A Lenten Meditation by Fr. Roger Landry: Prayer

A Message on Prayer
By Fr. Roger Landry, priest of the Diocese of Fall River, Massachusetts, serves as Catholic Chaplain to Columbia University in New York City and to the Thomas Merton Institute for Catholic Life
Monday, March 8, 2021

The Open Secret to Our Faith Coming Alive

The secret of a truly vital Christianity,” St. John Paul II wrote, “is learning the Trinitarian shape of Christian prayer and living it fully.” 

The Trinitarian Shape of Christian prayer means far more than “saying our prayers.” We can pray because God is an eternal trialogue into which Jesus by his incarnation has brought our human nature and the Holy Spirit has incorporated us through baptism. Prayer is far more than an exchange of words or ideas, but of persons. Through prayer, we enter mysteriously into the interpersonal conversation who is God: God comes to abide in us and help us abide in him. 

There’s nothing more important in life than to learn and live this reality.  Our Christian life is worth, various saints have said, what our prayer is worth. 

Lent is a season in which all Catholics — young and old, fervent and tepid — are called by Jesus to focus on their prayer. “When you pray,” he tells us on Ash Wednesday. Lent takes its inspiration from Jesus’ own 40 days praying in the desert. We are summoned to go out into the “desert” with him, far from ordinary distractions and from the hustle and bustle of daily life, to focus on what’s essential. The first test of Lent is whether we will do so.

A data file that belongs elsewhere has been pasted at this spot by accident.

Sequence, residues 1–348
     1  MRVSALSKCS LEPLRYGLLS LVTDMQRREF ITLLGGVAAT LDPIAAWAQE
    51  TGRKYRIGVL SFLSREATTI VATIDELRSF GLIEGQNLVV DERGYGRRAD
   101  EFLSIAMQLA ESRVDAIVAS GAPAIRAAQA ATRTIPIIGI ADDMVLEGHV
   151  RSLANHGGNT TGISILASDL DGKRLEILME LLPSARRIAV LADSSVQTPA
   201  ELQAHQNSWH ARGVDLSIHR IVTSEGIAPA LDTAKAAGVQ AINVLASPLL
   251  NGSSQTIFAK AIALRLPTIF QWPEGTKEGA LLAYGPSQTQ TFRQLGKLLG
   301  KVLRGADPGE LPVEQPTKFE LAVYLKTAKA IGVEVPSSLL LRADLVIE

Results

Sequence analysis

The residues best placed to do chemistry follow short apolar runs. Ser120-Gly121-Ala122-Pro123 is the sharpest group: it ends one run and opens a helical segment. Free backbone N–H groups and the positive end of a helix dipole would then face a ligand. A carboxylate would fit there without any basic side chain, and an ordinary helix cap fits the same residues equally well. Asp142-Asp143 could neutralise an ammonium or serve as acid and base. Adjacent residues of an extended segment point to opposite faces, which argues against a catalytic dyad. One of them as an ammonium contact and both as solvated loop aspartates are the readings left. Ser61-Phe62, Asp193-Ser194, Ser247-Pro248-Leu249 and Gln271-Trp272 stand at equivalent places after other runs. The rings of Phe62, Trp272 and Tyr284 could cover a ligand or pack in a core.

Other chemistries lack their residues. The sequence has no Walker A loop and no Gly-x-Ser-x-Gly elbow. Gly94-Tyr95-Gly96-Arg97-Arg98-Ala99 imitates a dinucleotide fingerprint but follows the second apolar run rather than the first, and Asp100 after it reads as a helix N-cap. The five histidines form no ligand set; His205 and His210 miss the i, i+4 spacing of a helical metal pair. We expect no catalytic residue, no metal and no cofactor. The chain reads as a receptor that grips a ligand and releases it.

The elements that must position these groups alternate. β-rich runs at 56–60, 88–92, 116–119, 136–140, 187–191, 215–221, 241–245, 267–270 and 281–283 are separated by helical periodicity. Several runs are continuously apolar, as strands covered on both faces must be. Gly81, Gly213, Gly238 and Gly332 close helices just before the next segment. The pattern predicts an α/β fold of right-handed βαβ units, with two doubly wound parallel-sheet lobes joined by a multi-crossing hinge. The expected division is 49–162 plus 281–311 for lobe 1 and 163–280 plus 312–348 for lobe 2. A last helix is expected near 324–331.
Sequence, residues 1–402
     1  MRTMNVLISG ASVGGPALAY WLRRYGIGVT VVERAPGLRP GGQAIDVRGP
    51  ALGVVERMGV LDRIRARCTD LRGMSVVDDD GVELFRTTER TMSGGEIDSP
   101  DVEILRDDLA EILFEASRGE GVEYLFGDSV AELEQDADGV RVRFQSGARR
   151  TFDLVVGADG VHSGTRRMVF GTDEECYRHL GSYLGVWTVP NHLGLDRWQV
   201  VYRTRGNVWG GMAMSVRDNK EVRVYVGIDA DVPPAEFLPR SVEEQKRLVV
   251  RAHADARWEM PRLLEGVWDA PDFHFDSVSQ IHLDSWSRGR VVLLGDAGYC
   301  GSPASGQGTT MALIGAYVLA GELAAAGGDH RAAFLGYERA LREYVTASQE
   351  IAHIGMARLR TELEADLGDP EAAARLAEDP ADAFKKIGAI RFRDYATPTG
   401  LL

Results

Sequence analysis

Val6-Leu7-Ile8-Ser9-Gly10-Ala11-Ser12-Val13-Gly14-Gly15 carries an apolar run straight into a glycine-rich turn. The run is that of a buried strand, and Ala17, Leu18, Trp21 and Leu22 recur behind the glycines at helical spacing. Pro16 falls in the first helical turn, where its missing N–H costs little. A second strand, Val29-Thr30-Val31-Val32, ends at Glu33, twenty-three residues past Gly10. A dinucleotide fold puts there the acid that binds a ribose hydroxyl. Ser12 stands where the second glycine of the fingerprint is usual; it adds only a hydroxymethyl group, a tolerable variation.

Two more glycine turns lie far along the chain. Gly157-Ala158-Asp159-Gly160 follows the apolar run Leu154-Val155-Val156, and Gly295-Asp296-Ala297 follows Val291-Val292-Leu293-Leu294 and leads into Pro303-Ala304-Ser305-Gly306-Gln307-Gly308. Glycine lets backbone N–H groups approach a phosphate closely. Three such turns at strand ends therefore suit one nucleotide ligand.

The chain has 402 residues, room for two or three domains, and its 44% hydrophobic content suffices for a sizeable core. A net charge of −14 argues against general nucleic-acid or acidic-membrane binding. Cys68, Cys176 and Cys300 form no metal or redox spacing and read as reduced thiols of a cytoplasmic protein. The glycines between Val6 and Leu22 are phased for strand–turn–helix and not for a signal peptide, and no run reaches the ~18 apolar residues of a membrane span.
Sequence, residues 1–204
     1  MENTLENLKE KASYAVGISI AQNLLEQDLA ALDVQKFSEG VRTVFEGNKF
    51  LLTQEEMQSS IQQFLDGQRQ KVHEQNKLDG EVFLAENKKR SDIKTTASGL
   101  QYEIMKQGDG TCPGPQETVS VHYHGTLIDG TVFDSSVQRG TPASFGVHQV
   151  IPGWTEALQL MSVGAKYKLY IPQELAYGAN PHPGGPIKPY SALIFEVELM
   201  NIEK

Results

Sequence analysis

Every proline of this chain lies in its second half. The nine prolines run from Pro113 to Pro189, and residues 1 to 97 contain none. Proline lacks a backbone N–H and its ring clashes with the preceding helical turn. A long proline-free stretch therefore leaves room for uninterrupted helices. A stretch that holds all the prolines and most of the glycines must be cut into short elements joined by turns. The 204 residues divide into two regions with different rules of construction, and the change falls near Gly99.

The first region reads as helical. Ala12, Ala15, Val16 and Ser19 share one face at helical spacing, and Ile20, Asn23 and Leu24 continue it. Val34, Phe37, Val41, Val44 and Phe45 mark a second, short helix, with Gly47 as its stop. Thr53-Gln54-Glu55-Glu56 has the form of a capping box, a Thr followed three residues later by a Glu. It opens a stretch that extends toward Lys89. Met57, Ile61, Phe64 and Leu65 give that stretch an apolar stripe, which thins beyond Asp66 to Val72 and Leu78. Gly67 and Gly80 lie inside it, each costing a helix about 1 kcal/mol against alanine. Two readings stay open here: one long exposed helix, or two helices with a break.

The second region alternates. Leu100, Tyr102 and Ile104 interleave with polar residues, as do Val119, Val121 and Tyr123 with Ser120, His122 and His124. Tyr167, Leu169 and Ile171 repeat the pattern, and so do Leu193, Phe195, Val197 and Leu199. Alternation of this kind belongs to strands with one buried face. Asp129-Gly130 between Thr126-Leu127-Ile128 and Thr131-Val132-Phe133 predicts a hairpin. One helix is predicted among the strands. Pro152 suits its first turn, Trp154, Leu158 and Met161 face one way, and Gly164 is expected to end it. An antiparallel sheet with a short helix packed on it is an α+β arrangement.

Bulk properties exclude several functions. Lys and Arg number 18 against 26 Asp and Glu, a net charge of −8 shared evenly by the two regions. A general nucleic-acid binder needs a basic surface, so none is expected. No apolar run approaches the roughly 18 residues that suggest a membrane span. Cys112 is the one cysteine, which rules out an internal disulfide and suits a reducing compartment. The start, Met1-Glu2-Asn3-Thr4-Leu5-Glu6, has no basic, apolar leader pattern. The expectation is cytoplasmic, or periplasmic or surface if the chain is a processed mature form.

Many people are afraid to pray. Some think they don’t know how and therefore won’t do it correctly. Others have a false notion of God — like a stern school principal —  and want to stay as far away as possible from the principal’s office. Others are concerned about what God might ask them to do or give up. 

Jesus, in Lent, tries to address these concerns. He teaches us about the goodness of the Father, how he’ll never give us a stone when we ask for bread. He helps us to know the types of things to discuss with the Father, like the seven petitions of the Lord’s prayer. He even promises that he will send the Holy Spirit to assist us in our prayer.

 But the key is to prioritize prayer, commit to it and start. Prayer, as Pope Benedict said, is “faith in action.” And Jesus wouldn’t be calling us to repentance and faith unless he were prepared to give us everything he knows we’ll need. 
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